Incarceration rates fell along with the rate of violent and property crime in the U.S. in 2009, according to a Washington, D.C., think tank.
Reported violent crime fell 5.5 percent and property crime fell 4.9 percent in 2009, according to an analysis released by the Justice Policy Institute (JPI), a group whose mission is to reduce incarceration.
The analysis is based on the FBI's Preliminary Annual Uniform Crime Report that was released today. It found that this drop in crime coincided with decreasing use of prisons from previous years. This corresponds with a national trend of states seeking ways to curtail corrections spending in light of the economic downturn, according to the group.
The institute applauded the news, releasing a statement that it highlights that states can save money, promote alternatives to incarceration and still maintain public safety.
"Increased incarceration does not increase public safety," said Tracy Velázquez, the institute's executive director. "The FBI's report shows that we can improve public safety and put fewer people in prisons, which means savings for taxpayers in addition to stronger communities. Investments in jobs, education and treatment are areas where states should focus their dollars, as all of these will help reduce crime more effectively and fairly than building more prisons."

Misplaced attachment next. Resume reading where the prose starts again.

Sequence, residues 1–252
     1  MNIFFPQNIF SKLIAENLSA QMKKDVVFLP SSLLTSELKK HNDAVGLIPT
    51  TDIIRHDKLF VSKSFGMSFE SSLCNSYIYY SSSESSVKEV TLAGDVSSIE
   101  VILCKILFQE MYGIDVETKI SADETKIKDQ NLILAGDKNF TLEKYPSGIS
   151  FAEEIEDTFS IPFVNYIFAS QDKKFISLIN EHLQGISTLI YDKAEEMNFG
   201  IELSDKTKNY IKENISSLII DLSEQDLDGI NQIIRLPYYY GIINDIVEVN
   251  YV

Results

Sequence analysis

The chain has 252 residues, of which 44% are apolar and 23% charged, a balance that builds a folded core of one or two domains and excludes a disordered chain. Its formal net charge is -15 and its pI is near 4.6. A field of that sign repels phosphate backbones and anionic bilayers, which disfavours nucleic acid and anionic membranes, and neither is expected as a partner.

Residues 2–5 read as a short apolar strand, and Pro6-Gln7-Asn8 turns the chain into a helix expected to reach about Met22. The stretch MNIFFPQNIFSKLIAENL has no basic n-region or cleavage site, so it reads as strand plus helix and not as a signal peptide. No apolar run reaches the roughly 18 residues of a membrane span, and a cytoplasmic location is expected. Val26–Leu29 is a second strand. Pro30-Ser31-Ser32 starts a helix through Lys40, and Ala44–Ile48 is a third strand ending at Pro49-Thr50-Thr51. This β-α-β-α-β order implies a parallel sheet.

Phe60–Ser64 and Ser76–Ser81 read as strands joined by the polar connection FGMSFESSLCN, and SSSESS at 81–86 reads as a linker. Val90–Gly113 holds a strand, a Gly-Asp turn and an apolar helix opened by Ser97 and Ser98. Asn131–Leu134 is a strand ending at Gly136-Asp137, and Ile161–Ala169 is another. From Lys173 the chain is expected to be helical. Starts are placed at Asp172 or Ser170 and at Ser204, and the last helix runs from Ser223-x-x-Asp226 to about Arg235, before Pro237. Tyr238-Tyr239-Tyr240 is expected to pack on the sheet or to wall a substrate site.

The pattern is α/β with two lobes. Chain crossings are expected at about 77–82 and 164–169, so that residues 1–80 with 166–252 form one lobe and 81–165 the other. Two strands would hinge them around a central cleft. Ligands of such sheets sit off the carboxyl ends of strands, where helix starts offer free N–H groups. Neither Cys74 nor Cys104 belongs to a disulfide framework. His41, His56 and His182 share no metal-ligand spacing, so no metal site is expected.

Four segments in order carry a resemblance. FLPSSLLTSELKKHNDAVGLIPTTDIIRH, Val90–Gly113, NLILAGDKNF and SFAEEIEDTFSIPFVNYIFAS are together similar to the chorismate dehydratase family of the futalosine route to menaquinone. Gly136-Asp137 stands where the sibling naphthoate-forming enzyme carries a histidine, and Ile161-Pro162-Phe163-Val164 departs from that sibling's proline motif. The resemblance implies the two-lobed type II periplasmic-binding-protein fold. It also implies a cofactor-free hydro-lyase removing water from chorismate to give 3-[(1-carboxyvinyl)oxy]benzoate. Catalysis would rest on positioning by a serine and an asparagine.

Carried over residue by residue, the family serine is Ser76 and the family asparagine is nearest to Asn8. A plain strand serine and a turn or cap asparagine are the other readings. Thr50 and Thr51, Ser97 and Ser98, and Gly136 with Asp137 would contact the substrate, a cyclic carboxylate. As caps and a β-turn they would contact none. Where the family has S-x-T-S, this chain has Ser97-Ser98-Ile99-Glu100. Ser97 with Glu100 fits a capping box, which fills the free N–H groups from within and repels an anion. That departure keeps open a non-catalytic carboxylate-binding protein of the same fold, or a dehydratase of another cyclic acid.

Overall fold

The 2009 drop in crime came at a time when the prison growth rates fell from previous years. While the number of people in prison is still growing, it is at a slower rate than the last few decades, according to the group.
"Contrary to the conventional wisdom that locking people up makes communities safer, the data is clearly showing that crime is going down as fewer people are being put in prison," Velázquez added. "Rather than spending more money unnecessarily on policing and incarceration, we recommend that states increase their investments in people and communities, rather than prisons, as a better way of ensuring that public safety continues to improve."
The Justice Policy Institute (JPI) bills itself as an organization dedicated to reducing society's use of incarceration and "promoting just and effective social policies."